Making It On Fumes, A Katrina Story

By Dr. Will Williams, volunteer contributor, American Red Cross

I have so many wonderful stories about my time with the American Red Cross, but the one that I remember most was a woman who literally made it to us on fumes! MADE IT ON FUMES!

During Katrina, we worked in just about every position possible. We all wanted to help, and it didn’t matter where.

This day, was a particularly humid day, and I remember I was outside making sure that everyone, both volunteers and people coming into the shelter, had a bottle of water as I directed traffic into the parking lot.

As you can imagine it was busy; very busy! As I was looking up, I see and hear a vehicle sputtering my way. It was a Caprice station wagon that appeared to be packed beyond belief and running out of gas.

She started honking her horn as her car sputtered some more, so I waved her past the other vehicles. Just as she crossed the line, her car sputtered for the last time, and just coasted about ten more feet. I could see her place her face into her hands as she pressed against the steering wheel sounding the horn.

We rushed to make sure she was okay. As she looked up, I saw the tears just pouring from her eyes.

She said, “I have been driving around for hours trying to find you (the American Red Cross shelter). I finally saw a sign and followed it here. I had nowhere else to go. I have been running on fumes for some time now!”

As I reached into my pocket, all I had was $5 dollars. A few others started reaching into their pockets, and although it was not much, we were all willing to give what we had. She began to cry some more. To this day, I’m not sure if they were tears of joy or sorrow.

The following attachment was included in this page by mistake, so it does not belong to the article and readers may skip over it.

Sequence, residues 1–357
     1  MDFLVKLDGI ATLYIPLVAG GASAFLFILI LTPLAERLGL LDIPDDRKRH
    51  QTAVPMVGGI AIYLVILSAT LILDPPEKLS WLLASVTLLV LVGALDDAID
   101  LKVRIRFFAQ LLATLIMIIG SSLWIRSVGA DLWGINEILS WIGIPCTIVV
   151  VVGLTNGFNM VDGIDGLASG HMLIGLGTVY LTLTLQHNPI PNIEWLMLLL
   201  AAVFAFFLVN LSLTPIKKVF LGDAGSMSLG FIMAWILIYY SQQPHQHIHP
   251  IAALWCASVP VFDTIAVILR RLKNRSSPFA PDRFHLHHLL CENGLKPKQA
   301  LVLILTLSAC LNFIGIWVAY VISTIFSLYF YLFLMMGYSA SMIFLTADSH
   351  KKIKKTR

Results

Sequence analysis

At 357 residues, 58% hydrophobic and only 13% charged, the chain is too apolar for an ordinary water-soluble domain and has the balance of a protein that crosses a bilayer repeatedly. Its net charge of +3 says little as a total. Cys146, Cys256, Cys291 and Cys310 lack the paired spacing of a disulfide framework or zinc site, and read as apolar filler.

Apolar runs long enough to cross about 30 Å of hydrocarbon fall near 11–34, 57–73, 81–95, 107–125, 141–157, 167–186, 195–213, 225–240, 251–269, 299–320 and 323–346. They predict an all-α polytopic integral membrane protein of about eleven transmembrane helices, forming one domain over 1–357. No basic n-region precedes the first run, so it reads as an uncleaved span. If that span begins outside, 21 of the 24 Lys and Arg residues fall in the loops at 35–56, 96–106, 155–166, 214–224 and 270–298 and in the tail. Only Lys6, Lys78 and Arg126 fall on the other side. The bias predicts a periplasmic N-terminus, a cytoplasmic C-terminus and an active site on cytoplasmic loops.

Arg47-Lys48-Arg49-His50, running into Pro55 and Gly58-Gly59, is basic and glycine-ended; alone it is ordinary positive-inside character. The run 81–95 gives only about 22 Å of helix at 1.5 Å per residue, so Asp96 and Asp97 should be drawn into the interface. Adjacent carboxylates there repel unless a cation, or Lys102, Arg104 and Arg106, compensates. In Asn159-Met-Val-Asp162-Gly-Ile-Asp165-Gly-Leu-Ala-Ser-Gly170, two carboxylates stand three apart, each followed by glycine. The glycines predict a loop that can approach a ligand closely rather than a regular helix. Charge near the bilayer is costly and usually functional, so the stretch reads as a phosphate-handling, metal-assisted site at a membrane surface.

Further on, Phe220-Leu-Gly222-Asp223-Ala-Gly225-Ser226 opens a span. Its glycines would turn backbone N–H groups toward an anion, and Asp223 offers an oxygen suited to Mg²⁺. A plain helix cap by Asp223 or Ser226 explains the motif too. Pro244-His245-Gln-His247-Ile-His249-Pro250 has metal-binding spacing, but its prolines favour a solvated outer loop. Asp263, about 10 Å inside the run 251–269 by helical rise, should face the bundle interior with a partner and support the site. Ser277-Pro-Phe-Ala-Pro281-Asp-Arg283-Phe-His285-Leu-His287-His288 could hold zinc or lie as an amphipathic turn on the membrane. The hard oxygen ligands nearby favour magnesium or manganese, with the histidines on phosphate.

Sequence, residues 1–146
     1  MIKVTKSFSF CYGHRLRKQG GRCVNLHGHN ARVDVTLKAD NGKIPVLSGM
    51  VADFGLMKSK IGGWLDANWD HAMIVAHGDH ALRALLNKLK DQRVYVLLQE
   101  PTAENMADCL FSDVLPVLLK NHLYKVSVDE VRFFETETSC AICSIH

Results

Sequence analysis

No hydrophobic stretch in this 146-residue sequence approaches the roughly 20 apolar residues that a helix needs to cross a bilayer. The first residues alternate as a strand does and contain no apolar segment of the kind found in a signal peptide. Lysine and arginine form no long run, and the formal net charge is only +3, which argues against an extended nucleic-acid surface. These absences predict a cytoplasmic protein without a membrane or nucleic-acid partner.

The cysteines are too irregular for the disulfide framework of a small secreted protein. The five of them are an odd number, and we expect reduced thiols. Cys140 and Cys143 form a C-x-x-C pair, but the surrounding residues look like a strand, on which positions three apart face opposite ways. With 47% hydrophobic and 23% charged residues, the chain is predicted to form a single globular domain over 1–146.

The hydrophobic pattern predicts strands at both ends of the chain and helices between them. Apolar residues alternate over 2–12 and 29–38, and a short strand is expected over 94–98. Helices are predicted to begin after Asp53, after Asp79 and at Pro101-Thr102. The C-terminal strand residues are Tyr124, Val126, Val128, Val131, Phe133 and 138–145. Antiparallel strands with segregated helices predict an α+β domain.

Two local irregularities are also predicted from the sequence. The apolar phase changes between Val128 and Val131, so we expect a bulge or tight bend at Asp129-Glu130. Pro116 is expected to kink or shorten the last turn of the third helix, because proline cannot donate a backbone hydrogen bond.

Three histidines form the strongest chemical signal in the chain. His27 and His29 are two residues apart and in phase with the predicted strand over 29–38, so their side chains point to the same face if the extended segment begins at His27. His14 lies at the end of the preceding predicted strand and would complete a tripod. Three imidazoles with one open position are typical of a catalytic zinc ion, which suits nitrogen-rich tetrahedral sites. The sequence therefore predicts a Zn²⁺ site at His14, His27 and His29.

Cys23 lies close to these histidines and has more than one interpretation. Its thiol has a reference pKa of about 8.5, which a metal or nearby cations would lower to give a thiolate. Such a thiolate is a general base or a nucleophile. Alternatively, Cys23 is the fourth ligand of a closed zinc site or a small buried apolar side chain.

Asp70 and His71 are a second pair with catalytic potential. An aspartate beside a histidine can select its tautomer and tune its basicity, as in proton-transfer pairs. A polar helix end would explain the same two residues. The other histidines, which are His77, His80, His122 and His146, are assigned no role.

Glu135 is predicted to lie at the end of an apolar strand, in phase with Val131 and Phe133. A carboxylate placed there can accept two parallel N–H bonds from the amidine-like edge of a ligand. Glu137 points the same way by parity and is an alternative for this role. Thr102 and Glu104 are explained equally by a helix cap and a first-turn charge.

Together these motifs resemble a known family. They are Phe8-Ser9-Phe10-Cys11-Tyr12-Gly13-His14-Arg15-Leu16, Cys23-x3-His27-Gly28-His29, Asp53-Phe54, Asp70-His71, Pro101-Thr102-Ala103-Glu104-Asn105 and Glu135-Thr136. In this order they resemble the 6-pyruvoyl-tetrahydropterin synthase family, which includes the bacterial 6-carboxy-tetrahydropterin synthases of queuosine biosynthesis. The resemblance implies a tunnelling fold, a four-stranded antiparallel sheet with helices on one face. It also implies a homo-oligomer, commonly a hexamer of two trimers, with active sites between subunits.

I said, “Don’t worry, you’re here now, and we’ll take care of you the best we can.”

People outside the shelter, some volunteers and myself helped push her car to a parking spot. I walked her into the building, which was Reunion Arena. While she was registering, I went and found her someone from mental health. This was a very difficult time for evacuees, and disaster mental health workers are trained to serve as counselors for those affected. In this case, I just thought that she just may need someone to talk to. As she got up from the table she gave me a big hug and said, “Thank you!” She started tearing up some more, and again, I could not tell if they were tears of sorrow or joy. To me, it did not matter. She was safe, and that is what mattered the most.

As the days went on, I was still so very, very busy, and I did not see her for some time. One day, I was standing in the hallway, and I heard a very happy voice say, “Hello, I just wanted to thank you!” I turned around, and it was her! She was so cheerful. Her smile was from ear to ear; so much different from when we first met.

“Everyone has been just so nice. I wish there was something I could do to thank you.”, she said.

I smiled and said, “You just did.”

She gave me a great big hug and patted me on the back and said, “Keep up the good work. It really does make a difference!”

Ever since Katrina, I have been trying to make that difference. It’s my hope to impact someone’s life in a positive way just as she did mine.

Thank you for reading,

Will Williams, PhD


 

Dr. Williams began his volunteer career with the American Red Cross in the wake of Hurricane Katrina. He is celebrating 10 years of service with the Red Cross, and he is currently the regional lead of sheltering for North Texas.

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